Reducing the rest of my following assumptions and logic, and avoiding an annoying and probably fruitless explanation to one simple, functional, yet somewhat flat [collateral damage that sometimes comes with making choices] statement writing is a way of constructing meaning and it has its rewards, reinforcers, and pains(e.g. of annoying/fruitless-explanation- this is not a definitive statement, since it is also a way of expressing and communicating thought, as well as influencing and directing the opinions of others (etc.).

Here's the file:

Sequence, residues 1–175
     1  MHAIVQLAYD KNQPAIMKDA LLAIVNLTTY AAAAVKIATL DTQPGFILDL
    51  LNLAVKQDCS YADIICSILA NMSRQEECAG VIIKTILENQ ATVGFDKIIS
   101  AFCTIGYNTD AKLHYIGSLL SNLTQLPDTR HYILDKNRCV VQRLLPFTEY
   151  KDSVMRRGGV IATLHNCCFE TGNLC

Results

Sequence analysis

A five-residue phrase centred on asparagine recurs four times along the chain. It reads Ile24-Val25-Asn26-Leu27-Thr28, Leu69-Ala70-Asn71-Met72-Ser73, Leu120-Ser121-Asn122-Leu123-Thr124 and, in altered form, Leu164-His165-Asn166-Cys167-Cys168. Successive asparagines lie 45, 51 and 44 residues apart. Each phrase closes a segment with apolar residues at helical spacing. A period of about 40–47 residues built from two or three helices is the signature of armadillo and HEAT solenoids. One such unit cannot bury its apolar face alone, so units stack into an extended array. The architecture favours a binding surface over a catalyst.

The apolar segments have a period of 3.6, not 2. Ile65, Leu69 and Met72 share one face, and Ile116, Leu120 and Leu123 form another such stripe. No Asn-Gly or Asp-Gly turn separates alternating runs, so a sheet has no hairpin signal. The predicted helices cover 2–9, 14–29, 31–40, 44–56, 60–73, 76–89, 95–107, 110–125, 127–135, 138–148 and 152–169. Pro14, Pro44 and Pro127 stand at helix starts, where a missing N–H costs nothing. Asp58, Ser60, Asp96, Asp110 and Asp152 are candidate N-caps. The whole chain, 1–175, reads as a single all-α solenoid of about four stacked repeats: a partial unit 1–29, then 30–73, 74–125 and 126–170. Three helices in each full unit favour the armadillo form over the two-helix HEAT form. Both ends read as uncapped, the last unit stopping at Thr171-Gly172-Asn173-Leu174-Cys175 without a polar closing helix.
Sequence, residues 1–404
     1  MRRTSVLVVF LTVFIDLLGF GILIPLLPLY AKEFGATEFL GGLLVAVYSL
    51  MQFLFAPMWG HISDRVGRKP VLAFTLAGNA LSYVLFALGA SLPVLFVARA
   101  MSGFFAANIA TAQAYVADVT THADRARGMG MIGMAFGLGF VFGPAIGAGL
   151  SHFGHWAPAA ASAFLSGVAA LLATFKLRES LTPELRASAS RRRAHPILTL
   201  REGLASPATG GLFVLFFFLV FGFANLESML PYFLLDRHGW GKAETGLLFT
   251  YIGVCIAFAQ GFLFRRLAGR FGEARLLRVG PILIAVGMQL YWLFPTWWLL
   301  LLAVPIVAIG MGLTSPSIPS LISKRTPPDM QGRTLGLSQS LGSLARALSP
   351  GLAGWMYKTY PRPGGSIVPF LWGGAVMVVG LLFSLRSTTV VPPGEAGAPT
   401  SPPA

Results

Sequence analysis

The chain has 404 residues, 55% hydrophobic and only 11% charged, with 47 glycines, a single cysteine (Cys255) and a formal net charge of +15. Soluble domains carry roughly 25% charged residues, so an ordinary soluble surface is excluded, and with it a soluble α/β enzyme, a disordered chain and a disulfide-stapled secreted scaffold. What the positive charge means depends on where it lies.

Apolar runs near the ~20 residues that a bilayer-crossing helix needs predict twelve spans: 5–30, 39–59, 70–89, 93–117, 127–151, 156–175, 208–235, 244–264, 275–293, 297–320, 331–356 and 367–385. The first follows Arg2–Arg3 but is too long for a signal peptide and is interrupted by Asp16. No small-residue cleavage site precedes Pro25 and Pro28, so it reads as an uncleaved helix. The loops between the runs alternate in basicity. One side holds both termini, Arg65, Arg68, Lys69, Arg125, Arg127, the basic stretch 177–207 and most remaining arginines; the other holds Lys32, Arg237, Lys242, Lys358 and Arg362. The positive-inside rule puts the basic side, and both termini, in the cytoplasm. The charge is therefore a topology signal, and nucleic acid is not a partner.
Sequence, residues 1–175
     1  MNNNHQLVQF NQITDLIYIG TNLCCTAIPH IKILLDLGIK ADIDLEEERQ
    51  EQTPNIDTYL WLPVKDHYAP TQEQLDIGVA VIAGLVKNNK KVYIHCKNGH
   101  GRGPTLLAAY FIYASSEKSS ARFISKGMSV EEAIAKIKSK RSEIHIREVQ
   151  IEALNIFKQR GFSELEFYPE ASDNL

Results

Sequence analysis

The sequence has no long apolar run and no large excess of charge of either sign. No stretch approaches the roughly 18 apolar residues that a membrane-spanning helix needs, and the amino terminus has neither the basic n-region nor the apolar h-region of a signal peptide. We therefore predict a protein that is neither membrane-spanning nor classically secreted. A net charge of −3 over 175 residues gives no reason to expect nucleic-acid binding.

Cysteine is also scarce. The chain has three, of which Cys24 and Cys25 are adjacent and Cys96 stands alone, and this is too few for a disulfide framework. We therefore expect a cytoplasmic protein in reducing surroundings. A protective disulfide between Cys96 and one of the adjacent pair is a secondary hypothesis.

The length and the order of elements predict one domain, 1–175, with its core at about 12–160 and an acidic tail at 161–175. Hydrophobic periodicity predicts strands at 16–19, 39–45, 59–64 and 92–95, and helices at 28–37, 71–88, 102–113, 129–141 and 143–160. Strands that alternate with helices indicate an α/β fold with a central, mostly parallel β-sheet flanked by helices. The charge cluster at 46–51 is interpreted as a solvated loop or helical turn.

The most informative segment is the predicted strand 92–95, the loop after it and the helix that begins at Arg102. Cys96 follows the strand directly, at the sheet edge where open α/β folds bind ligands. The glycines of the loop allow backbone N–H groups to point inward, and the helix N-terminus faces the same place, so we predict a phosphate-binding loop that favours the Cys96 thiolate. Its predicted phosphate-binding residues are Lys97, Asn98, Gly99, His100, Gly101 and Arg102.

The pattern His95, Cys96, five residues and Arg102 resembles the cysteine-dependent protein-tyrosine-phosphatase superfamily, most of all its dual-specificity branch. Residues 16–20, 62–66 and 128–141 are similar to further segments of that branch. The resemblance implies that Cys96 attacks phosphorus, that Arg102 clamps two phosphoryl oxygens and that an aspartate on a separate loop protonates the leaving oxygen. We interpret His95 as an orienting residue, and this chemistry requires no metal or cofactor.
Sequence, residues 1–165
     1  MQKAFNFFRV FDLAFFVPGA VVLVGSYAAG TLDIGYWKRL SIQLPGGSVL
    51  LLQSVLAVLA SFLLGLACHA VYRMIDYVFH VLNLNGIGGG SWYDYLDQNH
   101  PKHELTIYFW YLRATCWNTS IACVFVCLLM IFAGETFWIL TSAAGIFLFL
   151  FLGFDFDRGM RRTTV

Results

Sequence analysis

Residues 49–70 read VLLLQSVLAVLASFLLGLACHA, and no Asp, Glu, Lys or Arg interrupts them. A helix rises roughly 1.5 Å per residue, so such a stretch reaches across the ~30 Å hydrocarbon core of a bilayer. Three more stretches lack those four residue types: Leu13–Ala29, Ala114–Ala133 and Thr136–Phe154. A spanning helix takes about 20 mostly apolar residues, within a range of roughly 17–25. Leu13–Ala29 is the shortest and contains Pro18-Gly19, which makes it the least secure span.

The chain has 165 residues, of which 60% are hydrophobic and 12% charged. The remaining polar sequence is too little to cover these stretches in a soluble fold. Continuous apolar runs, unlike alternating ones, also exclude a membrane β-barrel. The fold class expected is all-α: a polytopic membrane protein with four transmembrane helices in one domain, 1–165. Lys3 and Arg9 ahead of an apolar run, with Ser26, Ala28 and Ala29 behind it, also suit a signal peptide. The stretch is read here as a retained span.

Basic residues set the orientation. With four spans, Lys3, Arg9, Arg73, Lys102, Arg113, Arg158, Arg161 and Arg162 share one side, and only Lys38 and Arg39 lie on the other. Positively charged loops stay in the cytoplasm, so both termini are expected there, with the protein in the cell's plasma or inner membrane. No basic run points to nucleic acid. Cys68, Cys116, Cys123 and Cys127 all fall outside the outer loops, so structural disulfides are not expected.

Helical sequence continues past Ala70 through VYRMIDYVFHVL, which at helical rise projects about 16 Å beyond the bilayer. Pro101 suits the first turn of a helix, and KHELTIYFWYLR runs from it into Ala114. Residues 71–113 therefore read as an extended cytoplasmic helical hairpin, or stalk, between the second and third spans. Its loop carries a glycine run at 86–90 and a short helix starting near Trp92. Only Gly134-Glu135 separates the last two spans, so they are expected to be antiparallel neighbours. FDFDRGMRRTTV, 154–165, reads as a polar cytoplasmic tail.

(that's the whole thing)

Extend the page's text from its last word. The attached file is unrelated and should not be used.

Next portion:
There’s an obvious literary solution to the problem of constructing meaning, or how to make sense of Wallace’s suicide without the older brother aid of Wallace here to interpret it for us (‘us’ meaning those of us who see any worth in understanding this) and that is to use his life’s work before he died to fill in the empty space he left for definition after he killed himself. And depending on where you place it, it can either be pointlessly sentimental, like in the end, like and it is in Wallace’s own words that we find, time after time, what we seek in looking for a voice to explain his tragic end- the emotion ultimately expressed in his last human act, his final passage… as a conclusion to the original thought rather than the resorption of it, and is actually, when you think about it, pretty immature and insulting without meaning to be, or functional and predictable, like beginning, middle, and up to the end, which doesn’t lend itself to being condensed into a blanket statement. Or there’s always the option to eschew this effort entirely, peg it as building some sort of makeshift meaning out of the deeply personal, base-level, unexpressed thoughts and proclivities, to which I have, at best, distant and incomplete access, to which even family and friends with which I have no contact can not have complete access, of someone whom I (despite how much I like his work) do not know in a fundamental way (the way in which the most important factor in knowing someone involves give and take) and turn inward and put my own weird thoughts and proclivities (and possibly creepy interest) under the magnifying glass and try to construct meaning around what makes me want to commit this type of serious thought to someone I don’t know, what makes me feel connected, and all the ways in which it is fatuous and hope that I’m just not the only one and that it has some broader, social application.